Thursday, December 31, 2009
Wednesday, December 30, 2009
(Johnson Motors Inc. US Advert 1954)
The Triumph Tiger 110 650 cc OHV Twin was Triumph's fastest production motorcycle to date, developed for the American market which wanted a higher power output. The T100 first appeared in 1954. Originally produced with a cast iron cylider block and head, this was quickly replaced with a light alloy cylinder head with special airways to improve cooling and austenitic iron valve set inserts. The external oil fed pipes were also replaced with internal oilways via the pushrod tubes.
The Triumph Tiger 100 was named because it was capable of 100 mph (160 km/h), so it was an obvious marketing idea to call the new bike the Tiger 110 - although technically the best one way speed obtained by The Motor Cycle magazine in tests was 109 mph (175 km/h) (with a strong tail wind) - but the speedometer was reading 114 mph (183 km/h), so there was a margin of error.
By 1961, the Tiger 110 was being replaced by more modern models, such as the T120 and had acquired the enclosed panels from the Triumph Twenty One which were fashionable at the time but gained it the nickname of the 'bathtub'.World Speed Record:
On 5 September 1962, at Bonneville Salt Flats American racer Bill Johnson secured the world land speed record on a heavily modified Triumph T110 with a top speed of 224.57 mph (361.41 km/h). This success led to the development of the Tiger T110's successor - the Triumph Bonneville.
(Tekstbron: Wapedia )
Tuesday, December 29, 2009
But now a Triton completely different...
I’m not sure about you, but I’d love to wake up on Christmas Day and find this in my garage. This gorgeous Triton is the brainchild of French designers Frank Charriaut and Vincent Prat from Southsiders MC, and was built by the extraordinarily talented Daniel Delfour, one of France’s leading motorcycle builders.
As with most beautiful motorcycles, there’s a story behind ‘CP Project #1′. It was inspired by a trip to the 2008 Legend Of The Motorcycle event in California; Delfour’s exquisite Norton Ala’verda caused a stir there, so the three friends hatched plans for a sequel. “As English motorcycle fans, we choose to use a Norton featherbed frame and a Triumph 750 Bonneville engine,” says Vincent. “But we didn’t want to make the thousandth café racer or Triton; we decided to follow our own road. We started designing a mix of Batman’s motorcycle with a T.Rex fastback and Cat Woman’s curves. Inspiration came directly from the culture of comics.”
Monday, December 28, 2009
One of the fascinating, but lesser known, vintage motorcycle engines is the Moto Guzzi 500cc V8, built for racing from 1955 to 1957. It was a 90 degree DOHC with 8 individual Dell'Orto carburetors. In 1955, it produced 68 hp at 12,000 rpm and in its final configuration in 1957, put out 72 hp at 12 grand and probably sounded wonderful while doing so. Interestingly, it began with a 6 speed gearbox, then dropped to a 5 speed and finally ran as a 4 speed.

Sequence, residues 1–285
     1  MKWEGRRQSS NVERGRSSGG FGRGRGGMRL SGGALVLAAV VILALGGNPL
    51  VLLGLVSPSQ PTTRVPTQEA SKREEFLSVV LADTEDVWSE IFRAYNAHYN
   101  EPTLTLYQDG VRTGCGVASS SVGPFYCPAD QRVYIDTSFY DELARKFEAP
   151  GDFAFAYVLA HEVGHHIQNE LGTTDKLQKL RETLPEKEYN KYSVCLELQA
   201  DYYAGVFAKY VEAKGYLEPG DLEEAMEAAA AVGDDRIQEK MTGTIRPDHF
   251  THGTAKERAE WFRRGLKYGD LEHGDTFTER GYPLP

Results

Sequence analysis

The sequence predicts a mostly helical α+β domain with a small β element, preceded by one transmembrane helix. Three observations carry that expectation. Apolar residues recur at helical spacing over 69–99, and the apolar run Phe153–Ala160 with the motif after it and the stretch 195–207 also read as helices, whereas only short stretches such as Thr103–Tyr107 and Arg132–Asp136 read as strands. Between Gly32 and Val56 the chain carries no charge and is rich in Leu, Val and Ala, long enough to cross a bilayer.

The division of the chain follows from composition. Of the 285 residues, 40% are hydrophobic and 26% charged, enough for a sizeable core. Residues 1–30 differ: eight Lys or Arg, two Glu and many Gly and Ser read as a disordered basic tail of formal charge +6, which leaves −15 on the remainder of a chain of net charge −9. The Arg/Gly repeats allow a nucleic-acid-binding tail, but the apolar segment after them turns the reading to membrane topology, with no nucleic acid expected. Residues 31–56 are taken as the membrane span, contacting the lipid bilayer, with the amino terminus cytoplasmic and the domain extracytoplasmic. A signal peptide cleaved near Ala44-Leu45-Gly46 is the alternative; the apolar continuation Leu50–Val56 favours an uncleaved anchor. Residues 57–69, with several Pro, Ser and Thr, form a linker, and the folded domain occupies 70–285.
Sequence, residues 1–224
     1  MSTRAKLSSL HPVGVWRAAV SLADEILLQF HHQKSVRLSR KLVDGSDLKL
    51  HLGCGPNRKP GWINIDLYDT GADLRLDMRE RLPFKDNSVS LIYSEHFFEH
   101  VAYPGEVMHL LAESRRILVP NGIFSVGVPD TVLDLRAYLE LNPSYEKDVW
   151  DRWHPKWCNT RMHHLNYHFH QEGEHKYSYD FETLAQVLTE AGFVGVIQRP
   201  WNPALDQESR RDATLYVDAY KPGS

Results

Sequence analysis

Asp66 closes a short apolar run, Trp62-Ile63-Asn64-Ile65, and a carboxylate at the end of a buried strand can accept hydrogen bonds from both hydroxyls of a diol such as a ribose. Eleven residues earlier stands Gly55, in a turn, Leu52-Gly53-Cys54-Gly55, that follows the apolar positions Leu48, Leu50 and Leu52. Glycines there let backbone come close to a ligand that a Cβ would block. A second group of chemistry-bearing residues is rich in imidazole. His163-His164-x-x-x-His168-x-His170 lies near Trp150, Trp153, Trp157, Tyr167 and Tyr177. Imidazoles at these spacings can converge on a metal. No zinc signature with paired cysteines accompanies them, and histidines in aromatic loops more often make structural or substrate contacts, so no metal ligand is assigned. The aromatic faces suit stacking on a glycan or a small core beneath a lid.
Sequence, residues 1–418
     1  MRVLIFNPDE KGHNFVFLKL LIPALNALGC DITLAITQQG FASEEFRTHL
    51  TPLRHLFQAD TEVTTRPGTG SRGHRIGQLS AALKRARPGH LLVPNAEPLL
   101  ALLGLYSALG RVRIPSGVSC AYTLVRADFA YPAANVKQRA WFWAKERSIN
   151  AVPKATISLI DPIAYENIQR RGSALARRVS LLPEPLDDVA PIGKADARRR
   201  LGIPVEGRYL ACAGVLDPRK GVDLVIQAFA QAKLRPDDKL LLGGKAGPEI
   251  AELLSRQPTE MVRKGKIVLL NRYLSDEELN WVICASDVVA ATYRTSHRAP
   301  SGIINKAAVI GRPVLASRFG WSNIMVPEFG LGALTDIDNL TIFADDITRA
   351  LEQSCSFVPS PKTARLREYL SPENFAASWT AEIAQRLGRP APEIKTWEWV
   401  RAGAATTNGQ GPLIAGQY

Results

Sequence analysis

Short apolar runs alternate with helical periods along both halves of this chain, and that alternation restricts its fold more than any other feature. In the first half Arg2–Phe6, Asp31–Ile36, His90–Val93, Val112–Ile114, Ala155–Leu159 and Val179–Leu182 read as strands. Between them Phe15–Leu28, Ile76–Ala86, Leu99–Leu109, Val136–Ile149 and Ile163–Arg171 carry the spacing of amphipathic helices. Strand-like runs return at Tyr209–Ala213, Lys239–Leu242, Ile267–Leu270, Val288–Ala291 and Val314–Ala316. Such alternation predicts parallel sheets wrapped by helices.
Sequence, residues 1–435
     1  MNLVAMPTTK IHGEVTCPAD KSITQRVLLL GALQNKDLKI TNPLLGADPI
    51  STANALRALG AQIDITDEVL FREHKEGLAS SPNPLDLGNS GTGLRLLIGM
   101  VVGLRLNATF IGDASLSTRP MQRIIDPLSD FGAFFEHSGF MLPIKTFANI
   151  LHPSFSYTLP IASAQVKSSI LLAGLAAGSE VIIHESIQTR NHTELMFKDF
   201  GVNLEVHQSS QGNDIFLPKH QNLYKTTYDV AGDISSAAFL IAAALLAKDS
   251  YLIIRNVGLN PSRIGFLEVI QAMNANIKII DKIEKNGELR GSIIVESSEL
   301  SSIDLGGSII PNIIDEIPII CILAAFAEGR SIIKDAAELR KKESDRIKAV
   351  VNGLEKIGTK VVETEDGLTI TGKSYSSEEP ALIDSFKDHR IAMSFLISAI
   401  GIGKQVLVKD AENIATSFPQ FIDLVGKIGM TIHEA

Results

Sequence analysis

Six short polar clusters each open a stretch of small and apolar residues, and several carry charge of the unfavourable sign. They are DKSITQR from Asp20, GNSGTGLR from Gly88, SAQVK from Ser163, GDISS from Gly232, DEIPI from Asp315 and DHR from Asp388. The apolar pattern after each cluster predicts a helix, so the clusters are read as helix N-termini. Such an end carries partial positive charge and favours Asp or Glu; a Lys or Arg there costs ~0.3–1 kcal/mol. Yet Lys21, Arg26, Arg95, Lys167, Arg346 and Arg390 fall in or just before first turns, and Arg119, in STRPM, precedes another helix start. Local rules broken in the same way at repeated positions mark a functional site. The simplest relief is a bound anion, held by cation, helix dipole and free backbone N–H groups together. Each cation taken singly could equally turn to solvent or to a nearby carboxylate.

The motorcycle was raced with 2 different fairings, one much like a modern fairing leaving the front wheel exposed and the other, the famous "dustbin" with greater coverage, the choice depending on the track.
Though development was progressing nicely, Moto Guzzi withdrew from racing after 1957 so I guess we'll never know how it might have done in later years.
A lot of early engineering was far more impressive than some folks might think. High tech racing isn't some recent development, the guys were hard at work building bikes like this 60 and 70 years ago. With some of the recent V8 motorcycles sporting huge automotive engines, you might get the impression they all have to be massive hulks but there have been some beauties over the years like the Morbidelli V8 and the Yamaha based V8s built by Ian Drysdale. The Moto Guzzi goes back quite a bit further. I like it a lot.
The photos included here are from Moto Guzzi: The Complete History, an excellent book for a little cold weather reading, highly recommended.Moto Guzzi 500cc V8 engine
Sunday, December 27, 2009
Just in time for snow season, we have another single track motorcycle for you to consider. If you remember some of the other tracked vehicles we've featured here on The Kneeslider, you know there were some interesting examples of engineering, some practical, some not so much, and here's one that goes back a little ways, it's a 1936 BMW "Schneekrad" or snowmobile. I ran across this in an old magazine and other than the name and photographer, there's no other technical information of any sort, perhaps one of you with a good historical book on BMW would have something to share with us.
How it actually turns would be interesting to see and the top of the machine is a little visually confusing from this angle.
This photo is by Kurt Worner, a famous European photographer who passed away some years ago.
(By Paul Crowe - "The Kneeslider ")